Giving our native tongue new tastes- How AR can help you learn languages
According to the 2015 Census in the United States, there are reportedly 350 languages spoken in US homes
Some of the most popular languages include English, Chinese (both Mandarin and Cantonese), Tagalog (A language from the Philippines), Vietnamese, Arabic, Korean and French.
Language is our way of communicating, and given this fact, there should be no doubt that we are living in a multicultural and diverse (and thus a richer) society. Being able to converse and connect with the world and its inhabitants is now more important than ever.
Society informs us that the earlier we learn a language, the better. There are four key components to language: verbal, non-verbal, written and visual. This not only allows us to have a conversation, but to speak and understand a language more fluently. In a study by MIT, there is a critical period in childhood for children to learn a second language with native-speaker proficiency by the age of 10.
With this knowledge and information, we as educators can use this to help our children learn languages better. Play and interaction are necessary for children to learn, but there is another brilliant medium we can use to help them learn languages: Augmented Reality (AR) technology.
AR is already being applied in certain K-12 schools, where all the teacher and students need are a smartphone/tablet and an AR supported app to make the world come alive. CleverBooks is one example of such an app, which helps young students to learn Geography and STEM related subjects via AR.
Researchers have shown that we are capable of learning and speaking at least two languages, if not more, throughout our lifetime. Meanwhile, research into AR shows that this type of technology can help you to learn and absorb information quicker. In a study by Neuro-Insight, Zappar and Mindshare UK, information that was stored into the participant’s memory was 70 per cent higher for those who used AR.
AR technology enables us to teach and learn languages by allowing us to interact with the physical world around us using digital content that is layered on our physical world.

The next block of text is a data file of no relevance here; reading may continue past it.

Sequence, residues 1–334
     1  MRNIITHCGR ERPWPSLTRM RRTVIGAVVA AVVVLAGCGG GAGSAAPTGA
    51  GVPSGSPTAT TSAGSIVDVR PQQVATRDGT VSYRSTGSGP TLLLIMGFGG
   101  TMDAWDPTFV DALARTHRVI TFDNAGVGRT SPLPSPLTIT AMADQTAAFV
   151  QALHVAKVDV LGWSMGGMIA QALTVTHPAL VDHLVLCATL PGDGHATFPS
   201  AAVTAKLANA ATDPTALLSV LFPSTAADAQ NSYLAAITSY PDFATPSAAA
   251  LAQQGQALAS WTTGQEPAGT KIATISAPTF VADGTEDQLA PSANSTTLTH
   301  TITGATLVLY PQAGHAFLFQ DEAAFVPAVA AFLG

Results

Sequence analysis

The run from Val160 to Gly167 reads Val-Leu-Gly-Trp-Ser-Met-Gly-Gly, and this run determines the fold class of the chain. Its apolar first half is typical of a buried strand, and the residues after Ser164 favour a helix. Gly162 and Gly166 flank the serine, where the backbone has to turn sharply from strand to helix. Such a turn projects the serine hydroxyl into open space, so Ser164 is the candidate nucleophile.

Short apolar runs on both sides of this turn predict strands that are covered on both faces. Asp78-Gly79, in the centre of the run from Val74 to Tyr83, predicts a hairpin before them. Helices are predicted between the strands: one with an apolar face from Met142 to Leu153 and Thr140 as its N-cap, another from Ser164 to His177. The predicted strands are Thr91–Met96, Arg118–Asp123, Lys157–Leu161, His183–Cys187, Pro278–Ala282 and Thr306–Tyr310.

As we all know, children’s brains are made to absorb information. Given this, it would seem logical to combine teaching language to children via AR.
One blog, The Future of Language Learning: Augmented Reality vs Virtual Reality, explains: ‘Spatial-contextual awareness enables users to explore their surroundings and gives them phrases relevant to their time and place.’
AR could also be used to flash up useful phrases to say in another language- for example, if you travel to Sweden and are walking around, an AR app could tell you how to say ‘good evening’ at night time, or ‘how are you?’ when talking to someone.
AR apps such as MondlyAR and Hueber can help students to achieve flawless pronunciation and fluency in a language rather than just giving them a few useful phrases. However, there is yet to be one that can be applied in the classroom for the K-12 demographic.
Children learn best when they are having fun. AR apps using flashcards or playing games that aim to teach languages- we have already been doing this for years in school, so why not take the next natural step and make it digital?
It could even be used to make learning lesser-known languages more appealing. In the case of Ireland, there has been much criticism levelled at the fact that most Irish people, despite studying Irish (or Gaeilge) as a mandatory subject for school, are poor at speaking and writing it, despite most of them learning it for around 10-12 years. In this instance, AR could be used to make learning Irish more engaging, and thus, will allow Irish children all the way up through secondary/high school to better retain the information.
Learning different languages helps to open up more parts of the world to us and therefore enrich us. It can also be a huge advantage when one takes up employment, especially overseas. The more languages we have in our lexicon, the better our prospects shall be.
Hopefully the process of learning languages through AR will take off- as the old saying goes: ‘Necessity is the mother of invention.’
By: Ciarán Mather